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How to Prevent & Treat Houseplant Pests


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Pests are as common a problem for indoor plants as they are for outdoor plants. In fact, houseplants can be even more susceptible to infestations for a variety of reasons, from changes in environment to overwatering.

There are several types of houseplant bugs that can infest indoor plants, including mealybugs, spider mites, whiteflies, fungus gnats, aphids, scale and thrips. Sadly, the majority are all rather troublesome, as they are small and slender, making them difficult to spot, they multiply quickly, and can crawl of fly, enabling them to infest your plant collection with ease.

There are, however, some steps you can take to prevent irritating pests from taking over your beloved houseplants!

Pest prevention

Prevention is always better than cure, so ensure you have a good routine in place to keep your houseplants in tip top shape. Many varieties of pests are attracted to compost that is too moist, so make sure you’re not overwatering plants and if possible, water from the bottom so that the top few inches of compost remains dry - this stops the eggs being laid.

As well as a moist top layer of soil, pests are also attracted to decaying plant material that might settle on the surface, so prune and remove any dead leaves regularly. You could also top your pots with a decorative aggregate like gravel. It looks great and has the added benefit of stopping gnats from laying eggs.

Regular cleaning of leaves is also essential for keeping your plant babies in good condition. Use a damp cloth with a little soap water to regularly wipe away any matter that might have settled on leaves. Not only does this prevent pests from laying eggs, but it also helps plants photosynthesise and keeps leaves looking shiny!

One of the most common ways pests will find their way into your home is by coming in with new plants, so check any new additions you bring home thoroughly for signs of an infestation! Leave no leaf unturned when it comes to inspecting new plant babies – check the soil, underneath the leaves, the stems – and even consider quarantining your new plant until you’re certain it is free from pests.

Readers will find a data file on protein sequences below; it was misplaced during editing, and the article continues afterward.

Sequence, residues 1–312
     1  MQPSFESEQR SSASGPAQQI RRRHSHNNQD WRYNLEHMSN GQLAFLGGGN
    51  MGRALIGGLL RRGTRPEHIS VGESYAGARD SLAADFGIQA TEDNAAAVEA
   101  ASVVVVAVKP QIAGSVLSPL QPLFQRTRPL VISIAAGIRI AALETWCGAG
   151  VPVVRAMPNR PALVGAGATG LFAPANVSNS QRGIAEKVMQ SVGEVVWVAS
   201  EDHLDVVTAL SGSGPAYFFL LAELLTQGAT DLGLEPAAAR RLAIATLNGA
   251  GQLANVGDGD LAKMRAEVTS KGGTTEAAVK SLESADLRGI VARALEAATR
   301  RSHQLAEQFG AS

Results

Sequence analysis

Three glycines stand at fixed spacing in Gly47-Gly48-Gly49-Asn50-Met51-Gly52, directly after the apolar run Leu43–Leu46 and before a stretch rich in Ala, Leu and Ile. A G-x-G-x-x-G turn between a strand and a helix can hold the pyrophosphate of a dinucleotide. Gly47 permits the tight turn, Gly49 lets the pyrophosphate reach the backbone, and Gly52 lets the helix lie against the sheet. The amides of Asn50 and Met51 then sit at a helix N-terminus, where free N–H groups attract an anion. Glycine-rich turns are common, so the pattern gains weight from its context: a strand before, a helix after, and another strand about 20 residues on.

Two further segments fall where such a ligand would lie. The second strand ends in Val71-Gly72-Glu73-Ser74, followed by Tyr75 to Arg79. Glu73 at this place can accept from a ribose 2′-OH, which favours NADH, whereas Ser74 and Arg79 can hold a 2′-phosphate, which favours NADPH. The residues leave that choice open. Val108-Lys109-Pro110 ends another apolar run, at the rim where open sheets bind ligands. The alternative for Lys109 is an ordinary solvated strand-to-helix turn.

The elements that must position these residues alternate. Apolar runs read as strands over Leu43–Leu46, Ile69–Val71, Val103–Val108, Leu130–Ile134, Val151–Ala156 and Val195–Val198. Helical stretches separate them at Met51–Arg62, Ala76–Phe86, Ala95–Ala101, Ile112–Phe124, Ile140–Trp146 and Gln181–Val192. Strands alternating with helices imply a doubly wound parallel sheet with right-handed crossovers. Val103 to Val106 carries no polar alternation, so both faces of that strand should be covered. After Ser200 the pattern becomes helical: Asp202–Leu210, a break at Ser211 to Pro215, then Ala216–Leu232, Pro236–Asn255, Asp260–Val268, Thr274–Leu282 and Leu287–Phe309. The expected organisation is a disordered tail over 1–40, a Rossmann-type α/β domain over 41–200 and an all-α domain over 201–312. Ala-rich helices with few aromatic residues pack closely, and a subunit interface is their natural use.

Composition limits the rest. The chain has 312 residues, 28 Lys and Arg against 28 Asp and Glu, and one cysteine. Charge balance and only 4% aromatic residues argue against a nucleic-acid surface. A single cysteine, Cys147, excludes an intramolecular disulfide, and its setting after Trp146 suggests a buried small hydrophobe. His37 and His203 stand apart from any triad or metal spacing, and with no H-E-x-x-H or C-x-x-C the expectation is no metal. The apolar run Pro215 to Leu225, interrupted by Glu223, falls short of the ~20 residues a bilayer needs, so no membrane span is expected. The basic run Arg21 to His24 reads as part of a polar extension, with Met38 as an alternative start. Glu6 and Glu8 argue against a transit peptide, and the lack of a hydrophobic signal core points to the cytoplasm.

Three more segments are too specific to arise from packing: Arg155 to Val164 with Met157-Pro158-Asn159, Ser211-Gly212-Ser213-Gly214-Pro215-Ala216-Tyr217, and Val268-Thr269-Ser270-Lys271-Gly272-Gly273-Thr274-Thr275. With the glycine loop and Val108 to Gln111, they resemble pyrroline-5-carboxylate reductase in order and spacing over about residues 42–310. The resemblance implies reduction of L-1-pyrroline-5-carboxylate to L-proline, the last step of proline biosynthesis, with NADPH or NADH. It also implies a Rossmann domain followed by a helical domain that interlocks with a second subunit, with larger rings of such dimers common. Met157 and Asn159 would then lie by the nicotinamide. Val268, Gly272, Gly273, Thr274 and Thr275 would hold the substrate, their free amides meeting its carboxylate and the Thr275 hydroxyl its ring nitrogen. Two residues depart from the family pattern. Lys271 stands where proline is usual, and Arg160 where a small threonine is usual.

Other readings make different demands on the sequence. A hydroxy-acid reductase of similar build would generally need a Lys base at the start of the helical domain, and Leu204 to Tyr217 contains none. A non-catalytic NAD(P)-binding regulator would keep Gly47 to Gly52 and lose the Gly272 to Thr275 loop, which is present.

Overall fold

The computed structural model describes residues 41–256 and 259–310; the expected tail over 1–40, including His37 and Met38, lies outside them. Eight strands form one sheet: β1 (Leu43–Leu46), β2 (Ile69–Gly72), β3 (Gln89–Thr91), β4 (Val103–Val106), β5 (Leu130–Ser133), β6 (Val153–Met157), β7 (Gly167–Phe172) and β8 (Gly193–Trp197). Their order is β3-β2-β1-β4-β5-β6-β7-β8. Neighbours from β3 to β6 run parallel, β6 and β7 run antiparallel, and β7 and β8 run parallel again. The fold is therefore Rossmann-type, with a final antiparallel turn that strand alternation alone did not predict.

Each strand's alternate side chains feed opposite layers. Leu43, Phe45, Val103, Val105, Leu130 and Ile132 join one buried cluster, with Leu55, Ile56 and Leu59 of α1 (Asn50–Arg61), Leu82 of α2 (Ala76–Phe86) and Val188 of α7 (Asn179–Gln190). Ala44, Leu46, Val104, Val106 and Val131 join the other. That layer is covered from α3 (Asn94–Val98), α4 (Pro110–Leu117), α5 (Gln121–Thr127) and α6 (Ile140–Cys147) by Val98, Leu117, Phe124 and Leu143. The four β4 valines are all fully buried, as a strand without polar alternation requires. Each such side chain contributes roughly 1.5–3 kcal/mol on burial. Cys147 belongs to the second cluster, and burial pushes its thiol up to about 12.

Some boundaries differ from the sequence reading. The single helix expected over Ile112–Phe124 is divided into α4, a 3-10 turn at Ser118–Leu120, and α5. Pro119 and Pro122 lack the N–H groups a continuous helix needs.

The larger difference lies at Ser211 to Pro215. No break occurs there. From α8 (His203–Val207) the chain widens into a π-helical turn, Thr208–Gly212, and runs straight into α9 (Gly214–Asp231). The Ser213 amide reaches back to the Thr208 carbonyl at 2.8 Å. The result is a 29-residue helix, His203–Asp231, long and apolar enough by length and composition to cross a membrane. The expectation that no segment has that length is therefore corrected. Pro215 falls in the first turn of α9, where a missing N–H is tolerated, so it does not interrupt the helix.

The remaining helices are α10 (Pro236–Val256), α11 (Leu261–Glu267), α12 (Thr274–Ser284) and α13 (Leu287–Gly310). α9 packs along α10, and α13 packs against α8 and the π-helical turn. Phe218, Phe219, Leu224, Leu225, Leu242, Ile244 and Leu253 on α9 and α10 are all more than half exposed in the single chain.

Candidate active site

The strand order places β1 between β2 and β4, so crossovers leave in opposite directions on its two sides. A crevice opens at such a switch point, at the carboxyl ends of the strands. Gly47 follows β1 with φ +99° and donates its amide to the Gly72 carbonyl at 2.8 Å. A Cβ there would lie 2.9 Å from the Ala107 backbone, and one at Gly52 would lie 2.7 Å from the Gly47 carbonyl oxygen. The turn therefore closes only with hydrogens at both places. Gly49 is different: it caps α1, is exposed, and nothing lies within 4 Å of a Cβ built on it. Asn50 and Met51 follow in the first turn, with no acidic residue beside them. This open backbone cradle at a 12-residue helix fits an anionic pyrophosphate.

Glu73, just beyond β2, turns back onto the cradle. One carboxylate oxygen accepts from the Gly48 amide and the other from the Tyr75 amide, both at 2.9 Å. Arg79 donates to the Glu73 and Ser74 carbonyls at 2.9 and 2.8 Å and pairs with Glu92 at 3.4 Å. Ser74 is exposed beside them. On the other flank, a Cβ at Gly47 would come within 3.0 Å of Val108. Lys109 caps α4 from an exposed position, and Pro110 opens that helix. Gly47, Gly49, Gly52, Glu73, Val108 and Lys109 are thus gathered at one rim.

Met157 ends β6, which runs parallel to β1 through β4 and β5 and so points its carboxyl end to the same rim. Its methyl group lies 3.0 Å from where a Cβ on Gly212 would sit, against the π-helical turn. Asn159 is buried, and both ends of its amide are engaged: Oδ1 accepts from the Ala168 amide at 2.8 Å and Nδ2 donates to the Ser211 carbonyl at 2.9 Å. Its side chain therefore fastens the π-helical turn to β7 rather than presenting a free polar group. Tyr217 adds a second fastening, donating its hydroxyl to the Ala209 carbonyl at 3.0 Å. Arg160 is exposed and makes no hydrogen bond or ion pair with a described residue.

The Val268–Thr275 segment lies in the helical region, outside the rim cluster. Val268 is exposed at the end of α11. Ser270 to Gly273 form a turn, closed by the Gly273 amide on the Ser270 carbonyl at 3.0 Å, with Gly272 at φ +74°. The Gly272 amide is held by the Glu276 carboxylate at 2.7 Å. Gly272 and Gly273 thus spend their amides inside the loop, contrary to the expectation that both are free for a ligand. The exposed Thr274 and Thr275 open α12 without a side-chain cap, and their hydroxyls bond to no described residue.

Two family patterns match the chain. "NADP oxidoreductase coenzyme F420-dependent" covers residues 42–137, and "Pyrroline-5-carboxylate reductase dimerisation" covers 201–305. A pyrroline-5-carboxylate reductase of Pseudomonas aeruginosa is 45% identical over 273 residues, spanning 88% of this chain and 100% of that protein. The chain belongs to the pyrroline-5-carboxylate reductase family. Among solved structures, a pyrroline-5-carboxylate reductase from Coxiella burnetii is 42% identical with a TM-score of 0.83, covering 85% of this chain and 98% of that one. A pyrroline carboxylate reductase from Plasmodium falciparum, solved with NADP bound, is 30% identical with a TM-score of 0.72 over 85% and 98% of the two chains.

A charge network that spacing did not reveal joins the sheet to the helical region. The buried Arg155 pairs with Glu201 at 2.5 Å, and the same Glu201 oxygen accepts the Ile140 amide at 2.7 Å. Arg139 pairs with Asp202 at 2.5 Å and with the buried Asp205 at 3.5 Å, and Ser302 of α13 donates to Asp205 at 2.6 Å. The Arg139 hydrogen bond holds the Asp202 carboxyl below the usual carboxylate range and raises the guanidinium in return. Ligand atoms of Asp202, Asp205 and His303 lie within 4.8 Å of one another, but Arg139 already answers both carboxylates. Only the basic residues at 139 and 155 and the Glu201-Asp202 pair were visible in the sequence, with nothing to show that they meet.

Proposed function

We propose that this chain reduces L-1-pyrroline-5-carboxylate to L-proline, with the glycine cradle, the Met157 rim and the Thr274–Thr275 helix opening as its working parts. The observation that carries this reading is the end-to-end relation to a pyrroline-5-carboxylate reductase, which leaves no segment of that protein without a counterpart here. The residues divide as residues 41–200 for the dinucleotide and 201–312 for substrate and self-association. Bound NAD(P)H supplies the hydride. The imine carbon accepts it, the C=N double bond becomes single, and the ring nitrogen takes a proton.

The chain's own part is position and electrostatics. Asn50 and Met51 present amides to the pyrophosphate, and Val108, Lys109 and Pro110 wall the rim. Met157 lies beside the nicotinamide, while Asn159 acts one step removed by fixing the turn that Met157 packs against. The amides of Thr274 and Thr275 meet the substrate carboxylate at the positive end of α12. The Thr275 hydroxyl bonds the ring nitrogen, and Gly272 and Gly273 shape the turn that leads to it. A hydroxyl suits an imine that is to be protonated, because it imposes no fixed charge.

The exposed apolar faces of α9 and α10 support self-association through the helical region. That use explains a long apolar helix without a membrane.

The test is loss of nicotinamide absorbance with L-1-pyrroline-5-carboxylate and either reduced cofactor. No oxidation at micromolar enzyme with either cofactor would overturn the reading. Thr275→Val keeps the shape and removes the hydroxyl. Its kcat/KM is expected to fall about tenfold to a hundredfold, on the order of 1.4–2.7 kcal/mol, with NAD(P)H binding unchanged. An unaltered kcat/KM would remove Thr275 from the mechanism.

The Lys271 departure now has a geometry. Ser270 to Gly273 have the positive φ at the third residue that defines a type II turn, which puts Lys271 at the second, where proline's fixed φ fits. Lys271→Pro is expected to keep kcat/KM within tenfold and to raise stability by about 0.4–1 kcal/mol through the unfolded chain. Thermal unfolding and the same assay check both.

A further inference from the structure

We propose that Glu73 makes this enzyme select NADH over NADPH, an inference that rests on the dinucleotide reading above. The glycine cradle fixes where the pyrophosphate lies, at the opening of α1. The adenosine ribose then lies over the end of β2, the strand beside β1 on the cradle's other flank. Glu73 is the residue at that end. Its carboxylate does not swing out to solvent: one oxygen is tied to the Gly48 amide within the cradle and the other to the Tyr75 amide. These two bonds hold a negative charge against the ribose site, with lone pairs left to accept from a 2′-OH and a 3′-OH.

Pest treatment

If you do discover an infestation, don’t panic! The first thing to do is isolate your plant to prevent them from spreading, so move it as far as possible away from your other plant babies to protect them.

Once you have isolated the affected plant you can begin treatment. Invest in a bug killer that targets a variety of pests including thrips, sawfly, leaf beetles and aphids, like Baby Bio® Houseplant Bug Killer. Spray the plant generously, making sure to cover the leaves and stem from top to bottom, but avoiding soaking any delicate blooms. Repeat this every 10 to 14 days to ensure any hatched eggs are treated, too.

If you are faced with a serious infestation, consider repotting the plant into fresh soil to remove any unhatched eggs and prevent the pests from relaying. Once you have placed it into fresh soil, repeat the treatment with Baby Bio® Houseplant Bug Killer.

Once you have repotted your plant and applied the treatment, you might also consider setting up sticky yellow traps to attract and kill any remaining pests that have managed to survive. It’s also recommended to position a few of these sticky yellow traps in pots throughout your collection, as this will help alert you to any future infestations early on.

For more houseplant care tips and inspiration, follow Baby Bio® on social media on www.facebook.com/babybioplantfood and www.instagram.com/babybioplantfood.

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